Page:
Sunday, April 25, 2010

Photo Project: Unifrom Circular Motion

This picture is an example of Uniform Circular motion. The object you see, the tie, is moving with the fan in a circle. The tie is moving around the circumference the fan, as it spins. The amount of full revolution the tie makes in a certain amount of time is called the frequency. The frequency is measured in Hertz.
To find the frequency, at which the tie spins, you have to divide the amount or revolutions by the amount of time it took to complete set amount of revolutions.

The tie does not have a constant velocity because it is continuously changing direction, so the tie is accelerating. This type of acceleration is called centripetal acceleration. The tie stays tangential to the circle formed as the fan spins.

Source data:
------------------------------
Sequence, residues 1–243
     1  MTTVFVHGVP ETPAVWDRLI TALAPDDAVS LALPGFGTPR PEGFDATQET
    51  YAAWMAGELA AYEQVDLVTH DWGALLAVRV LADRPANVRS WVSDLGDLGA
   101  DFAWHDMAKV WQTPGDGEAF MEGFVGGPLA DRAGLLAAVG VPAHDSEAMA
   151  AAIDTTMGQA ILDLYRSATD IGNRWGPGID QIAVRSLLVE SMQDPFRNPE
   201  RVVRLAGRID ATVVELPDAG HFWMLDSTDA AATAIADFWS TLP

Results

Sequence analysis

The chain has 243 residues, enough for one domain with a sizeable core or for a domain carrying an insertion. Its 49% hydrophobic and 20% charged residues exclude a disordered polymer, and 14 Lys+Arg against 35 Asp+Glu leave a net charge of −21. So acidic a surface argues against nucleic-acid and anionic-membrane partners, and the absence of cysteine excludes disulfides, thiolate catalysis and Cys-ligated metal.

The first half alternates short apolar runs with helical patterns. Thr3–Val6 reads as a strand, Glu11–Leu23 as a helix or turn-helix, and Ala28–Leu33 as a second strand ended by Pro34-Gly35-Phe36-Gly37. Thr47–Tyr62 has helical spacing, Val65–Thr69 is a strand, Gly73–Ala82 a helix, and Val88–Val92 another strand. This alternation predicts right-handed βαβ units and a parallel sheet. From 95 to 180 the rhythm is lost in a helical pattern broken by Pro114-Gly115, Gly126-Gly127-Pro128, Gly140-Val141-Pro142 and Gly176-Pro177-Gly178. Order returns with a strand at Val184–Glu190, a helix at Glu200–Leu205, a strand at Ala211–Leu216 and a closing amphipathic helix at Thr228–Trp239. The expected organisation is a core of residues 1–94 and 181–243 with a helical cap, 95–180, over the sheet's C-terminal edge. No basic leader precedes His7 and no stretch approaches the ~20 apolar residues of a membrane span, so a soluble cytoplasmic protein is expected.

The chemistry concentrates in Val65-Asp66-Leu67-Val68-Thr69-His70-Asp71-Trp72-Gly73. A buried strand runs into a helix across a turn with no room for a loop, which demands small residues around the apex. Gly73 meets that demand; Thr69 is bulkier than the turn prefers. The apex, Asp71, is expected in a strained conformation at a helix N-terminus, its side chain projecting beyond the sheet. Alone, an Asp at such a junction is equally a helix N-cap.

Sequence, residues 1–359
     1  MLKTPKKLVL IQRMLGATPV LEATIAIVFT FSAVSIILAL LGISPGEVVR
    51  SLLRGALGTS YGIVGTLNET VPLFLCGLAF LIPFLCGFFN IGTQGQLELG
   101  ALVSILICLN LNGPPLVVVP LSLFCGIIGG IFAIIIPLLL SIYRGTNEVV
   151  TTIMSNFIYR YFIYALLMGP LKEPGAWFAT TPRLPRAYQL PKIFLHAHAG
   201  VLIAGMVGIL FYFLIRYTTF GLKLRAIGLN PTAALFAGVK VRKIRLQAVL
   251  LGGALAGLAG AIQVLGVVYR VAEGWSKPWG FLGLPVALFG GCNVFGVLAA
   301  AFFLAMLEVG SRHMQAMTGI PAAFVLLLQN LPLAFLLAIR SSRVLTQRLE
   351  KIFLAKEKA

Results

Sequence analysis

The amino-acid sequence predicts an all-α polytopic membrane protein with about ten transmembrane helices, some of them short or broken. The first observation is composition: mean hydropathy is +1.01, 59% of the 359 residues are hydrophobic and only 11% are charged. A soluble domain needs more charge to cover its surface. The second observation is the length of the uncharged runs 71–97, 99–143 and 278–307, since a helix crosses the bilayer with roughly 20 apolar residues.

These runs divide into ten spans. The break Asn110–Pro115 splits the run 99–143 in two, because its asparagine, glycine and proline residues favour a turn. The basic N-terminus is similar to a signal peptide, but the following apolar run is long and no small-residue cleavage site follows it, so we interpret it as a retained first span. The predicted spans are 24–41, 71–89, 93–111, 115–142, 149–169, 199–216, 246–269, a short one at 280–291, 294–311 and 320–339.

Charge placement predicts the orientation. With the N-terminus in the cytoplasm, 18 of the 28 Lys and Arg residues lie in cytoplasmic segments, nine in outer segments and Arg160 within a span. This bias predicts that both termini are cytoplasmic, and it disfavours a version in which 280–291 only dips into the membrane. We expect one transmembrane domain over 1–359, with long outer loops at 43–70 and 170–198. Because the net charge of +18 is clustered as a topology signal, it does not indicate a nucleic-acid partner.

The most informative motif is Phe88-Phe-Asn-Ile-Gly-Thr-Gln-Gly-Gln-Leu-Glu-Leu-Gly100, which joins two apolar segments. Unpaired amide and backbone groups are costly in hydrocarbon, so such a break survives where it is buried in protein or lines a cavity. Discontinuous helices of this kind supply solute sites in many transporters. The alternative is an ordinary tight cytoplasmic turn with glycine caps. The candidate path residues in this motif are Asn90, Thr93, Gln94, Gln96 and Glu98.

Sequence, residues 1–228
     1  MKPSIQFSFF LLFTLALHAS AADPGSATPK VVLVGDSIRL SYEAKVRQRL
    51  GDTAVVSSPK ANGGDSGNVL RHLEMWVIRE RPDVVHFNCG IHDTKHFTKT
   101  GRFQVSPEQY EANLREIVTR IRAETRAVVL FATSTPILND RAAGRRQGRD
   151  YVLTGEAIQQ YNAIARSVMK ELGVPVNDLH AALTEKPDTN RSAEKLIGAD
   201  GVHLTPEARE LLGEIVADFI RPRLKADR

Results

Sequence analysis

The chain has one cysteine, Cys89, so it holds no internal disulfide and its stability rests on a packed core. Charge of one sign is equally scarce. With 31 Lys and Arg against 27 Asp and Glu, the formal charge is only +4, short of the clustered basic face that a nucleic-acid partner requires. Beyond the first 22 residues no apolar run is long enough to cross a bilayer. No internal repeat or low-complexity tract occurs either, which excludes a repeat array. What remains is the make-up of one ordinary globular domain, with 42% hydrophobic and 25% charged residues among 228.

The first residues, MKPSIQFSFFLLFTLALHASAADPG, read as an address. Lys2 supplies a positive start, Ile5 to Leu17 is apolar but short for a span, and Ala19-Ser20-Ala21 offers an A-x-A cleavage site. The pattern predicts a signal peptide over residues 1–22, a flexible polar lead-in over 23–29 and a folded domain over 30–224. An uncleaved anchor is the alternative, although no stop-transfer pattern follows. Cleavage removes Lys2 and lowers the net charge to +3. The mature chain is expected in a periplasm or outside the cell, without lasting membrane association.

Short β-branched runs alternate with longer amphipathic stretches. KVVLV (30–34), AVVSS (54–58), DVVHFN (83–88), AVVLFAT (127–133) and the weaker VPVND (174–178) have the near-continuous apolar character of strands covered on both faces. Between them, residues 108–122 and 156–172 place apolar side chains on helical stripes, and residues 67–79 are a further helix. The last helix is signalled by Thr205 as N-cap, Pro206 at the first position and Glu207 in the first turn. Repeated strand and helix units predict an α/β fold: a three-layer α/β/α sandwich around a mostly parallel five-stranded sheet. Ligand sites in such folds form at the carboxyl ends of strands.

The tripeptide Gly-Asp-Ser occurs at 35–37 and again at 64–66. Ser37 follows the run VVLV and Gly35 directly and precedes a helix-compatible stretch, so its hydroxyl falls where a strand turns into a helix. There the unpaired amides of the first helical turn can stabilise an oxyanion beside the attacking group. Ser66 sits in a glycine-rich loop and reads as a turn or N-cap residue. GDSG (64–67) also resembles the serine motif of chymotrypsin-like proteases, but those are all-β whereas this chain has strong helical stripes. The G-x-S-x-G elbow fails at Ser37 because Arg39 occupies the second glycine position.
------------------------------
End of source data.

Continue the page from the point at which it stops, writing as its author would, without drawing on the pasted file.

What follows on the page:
To find the centripetal acceleration you must find the velocity, at which the tie spins around the circle, and divide that by the radius of the circle that is made as the fan spins.

The inward force that keeps the fan spinning and the tie, moving in a circle, is called the centripetal force. Without the centripetal force circular motion cannot occur, but it is not a specific type of force, in fact it is provided by the force that keeps the object tie in the circle. The centripetal force requirement is the force that keeps the tie moving in a circle. In this case it is a tension force that keeps the tie and the fan blades from flying off.